We are already seeing signs of new growth in the forest and it is such a relief.  To think how a few blades of grass along the creek amid the ash can give you a sense of renewal — it is such a wonder. The family of turkeys that live in the orchard just outside the Office reappeared this week. I counted up the chicks and they are all there!

Woolman is learning more about the scope of the work we have ahead of us. New drone photos loaded in the Gallery show the extent of the fire damage from the air. We’ve begun a salvage operation for scarred trees. It is a big challenge to control erosion and debris from clogging creeks and culverts. We have to get this job done before the rains which will come soon, we hope! There will be Volunteer Days to help with the forest restoration and trail work in the coming weeks. These will be posted in Events.  Drop us a message here if you want to help.

Thanks to so many of you who sent photos of buildings that were lost. We’ve sent them to the insurance adjuster. The Woolman board is planning how we can rebuild the campus for programs that meet the current moment. This is the silver lining to this tragic event.

Many people have offered to help with site clean-up. Unfortunately, the authorities at the County Environmental Health Department are not having any of this. There is hazardous waste in the ash and it needs to be removed by toxic clean-up professionals.

We are having a Gathering to Grieve, on September 20, outdoors on the soccer field. Our local Nisenan tribe be there, and also the fire fighters and first responders. Because of Covid we are restricting the group size to 60. If you are interested in coming you must RSVP to abbyc@woolman.org to get a number. If you can’t attend but want to participate you can send your blessings, prayers, wishes, or poems as Letters to the Land to sophieb@woolman.org.  She will collect them in a vessel to be buried at the spring, which is the site of an historic Nisenan village.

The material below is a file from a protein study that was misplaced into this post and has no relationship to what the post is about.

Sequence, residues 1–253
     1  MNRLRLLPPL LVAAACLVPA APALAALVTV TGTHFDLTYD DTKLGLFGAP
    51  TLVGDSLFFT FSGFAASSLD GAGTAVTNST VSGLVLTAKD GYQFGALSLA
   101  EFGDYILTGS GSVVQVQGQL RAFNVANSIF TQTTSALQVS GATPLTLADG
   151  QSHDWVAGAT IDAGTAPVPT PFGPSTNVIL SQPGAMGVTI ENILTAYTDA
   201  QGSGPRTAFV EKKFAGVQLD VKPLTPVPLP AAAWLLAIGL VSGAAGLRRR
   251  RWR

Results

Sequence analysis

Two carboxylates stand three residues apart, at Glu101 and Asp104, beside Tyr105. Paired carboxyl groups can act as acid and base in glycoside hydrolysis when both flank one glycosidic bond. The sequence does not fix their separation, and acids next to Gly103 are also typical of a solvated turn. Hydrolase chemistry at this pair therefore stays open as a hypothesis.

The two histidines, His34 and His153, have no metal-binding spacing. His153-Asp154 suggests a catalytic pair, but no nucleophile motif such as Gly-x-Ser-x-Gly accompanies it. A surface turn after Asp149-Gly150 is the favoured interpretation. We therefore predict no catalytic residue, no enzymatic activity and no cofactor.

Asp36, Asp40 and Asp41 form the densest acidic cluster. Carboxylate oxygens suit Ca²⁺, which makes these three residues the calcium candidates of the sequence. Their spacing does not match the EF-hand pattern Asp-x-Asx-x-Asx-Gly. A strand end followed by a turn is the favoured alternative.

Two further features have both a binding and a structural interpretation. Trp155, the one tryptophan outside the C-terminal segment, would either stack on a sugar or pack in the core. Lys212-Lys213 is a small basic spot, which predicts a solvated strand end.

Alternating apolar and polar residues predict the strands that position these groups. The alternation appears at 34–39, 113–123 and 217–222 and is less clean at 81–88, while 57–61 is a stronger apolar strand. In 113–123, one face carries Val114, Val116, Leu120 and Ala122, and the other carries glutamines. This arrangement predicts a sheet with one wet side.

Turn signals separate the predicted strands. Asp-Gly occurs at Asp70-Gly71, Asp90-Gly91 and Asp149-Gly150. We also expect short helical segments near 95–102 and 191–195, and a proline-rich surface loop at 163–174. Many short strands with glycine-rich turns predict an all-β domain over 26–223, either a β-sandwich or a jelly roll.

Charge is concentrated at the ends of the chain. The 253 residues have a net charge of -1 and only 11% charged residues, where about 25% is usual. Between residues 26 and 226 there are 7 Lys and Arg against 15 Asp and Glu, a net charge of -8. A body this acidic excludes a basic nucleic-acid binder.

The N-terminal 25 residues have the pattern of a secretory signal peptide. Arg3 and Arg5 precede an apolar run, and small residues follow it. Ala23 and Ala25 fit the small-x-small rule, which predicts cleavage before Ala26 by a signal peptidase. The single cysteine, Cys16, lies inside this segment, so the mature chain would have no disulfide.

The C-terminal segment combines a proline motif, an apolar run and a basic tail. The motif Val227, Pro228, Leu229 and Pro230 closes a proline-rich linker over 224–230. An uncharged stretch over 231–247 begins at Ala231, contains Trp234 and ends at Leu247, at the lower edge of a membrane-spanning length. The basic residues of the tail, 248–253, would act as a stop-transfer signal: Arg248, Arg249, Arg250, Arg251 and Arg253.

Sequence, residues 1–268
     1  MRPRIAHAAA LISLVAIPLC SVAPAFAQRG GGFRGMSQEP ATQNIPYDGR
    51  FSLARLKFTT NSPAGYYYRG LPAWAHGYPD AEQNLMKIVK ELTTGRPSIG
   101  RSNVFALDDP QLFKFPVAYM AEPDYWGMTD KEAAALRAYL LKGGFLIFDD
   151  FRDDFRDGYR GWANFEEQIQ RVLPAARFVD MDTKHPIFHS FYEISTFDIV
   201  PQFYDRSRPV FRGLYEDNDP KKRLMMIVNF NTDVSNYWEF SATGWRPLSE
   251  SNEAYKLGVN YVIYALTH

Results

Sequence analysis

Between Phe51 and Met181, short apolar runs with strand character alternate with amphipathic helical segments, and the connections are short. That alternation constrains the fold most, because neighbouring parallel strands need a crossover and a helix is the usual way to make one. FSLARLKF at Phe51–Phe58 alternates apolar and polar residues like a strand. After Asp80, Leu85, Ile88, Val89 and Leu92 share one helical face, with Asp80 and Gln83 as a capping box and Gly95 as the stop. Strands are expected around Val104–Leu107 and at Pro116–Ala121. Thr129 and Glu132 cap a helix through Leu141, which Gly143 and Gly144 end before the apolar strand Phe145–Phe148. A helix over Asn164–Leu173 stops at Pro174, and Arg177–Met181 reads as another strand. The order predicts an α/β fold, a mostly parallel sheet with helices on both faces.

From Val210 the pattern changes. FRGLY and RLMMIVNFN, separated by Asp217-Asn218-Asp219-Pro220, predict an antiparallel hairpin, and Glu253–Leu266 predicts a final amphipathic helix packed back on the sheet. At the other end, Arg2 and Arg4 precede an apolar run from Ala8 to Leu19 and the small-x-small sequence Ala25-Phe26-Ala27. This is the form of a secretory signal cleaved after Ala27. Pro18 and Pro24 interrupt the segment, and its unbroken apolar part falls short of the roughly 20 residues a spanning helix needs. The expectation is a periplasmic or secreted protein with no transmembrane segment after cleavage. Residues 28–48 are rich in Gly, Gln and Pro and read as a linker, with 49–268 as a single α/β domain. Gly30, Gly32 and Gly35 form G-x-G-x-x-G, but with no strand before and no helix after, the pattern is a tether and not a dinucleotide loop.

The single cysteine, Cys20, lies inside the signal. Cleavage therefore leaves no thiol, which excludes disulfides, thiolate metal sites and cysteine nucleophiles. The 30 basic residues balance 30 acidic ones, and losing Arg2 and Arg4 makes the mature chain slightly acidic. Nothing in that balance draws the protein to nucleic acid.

Sept. 12, 2020


We’ve had many requests from people who care deeply about SFC to come to the campus.  Unfortunately, the campus is closed at the moment as we work to get the critical utility infrastructure up and running so tenants can come back with full services.  Also, PG&E and CalFire crews are still in mop-up mode, removing many damaged trees that are endangering roads, powerlines, trails and other buildings.  This is a big operation.  There is debris on the land that could hurt people walking around near the burn area.  Please don’t come just yet.

We are scheduling a “Gathering to Grieve” on the one-month anniversary of the fire.  We are coordinating with the local Nisenan tribe to join us in a traditional cry and blessing.  This will be open to all, with Covid safeguards in place.  For those who can’t come to the site, we will make arrangements for you to send your blessings.  Stay tuned for more info in the next week.


Aug. 30, 2020